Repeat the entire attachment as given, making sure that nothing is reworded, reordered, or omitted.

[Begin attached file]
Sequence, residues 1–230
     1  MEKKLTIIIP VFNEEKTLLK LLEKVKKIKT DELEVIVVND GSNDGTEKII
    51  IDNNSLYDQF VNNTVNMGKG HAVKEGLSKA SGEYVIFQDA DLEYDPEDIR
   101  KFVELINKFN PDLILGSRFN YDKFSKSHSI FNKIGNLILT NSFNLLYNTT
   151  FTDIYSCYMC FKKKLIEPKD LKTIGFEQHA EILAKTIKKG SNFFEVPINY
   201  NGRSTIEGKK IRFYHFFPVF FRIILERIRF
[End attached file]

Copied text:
Sequence, residues 1–230
     1  MEKKLTIIIP VFNEEKTLLK LLEKVKKIKT DELEVIVVND GSNDGTEKII
    51  IDNNSLYDQF VNNTVNMGKG HAVKEGLSKA SGEYVIFQDA DLEYDPEDIR
   101  KFVELINKFN PDLILGSRFN YDKFSKSHSI FNKIGNLILT NSFNLLYNTT
   151  FTDIYSCYMC FKKKLIEPKD LKTIGFEQHA EILAKTIKKG SNFFEVPINY
   201  NGRSTIEGKK IRFYHFFPVF FRIILERIRF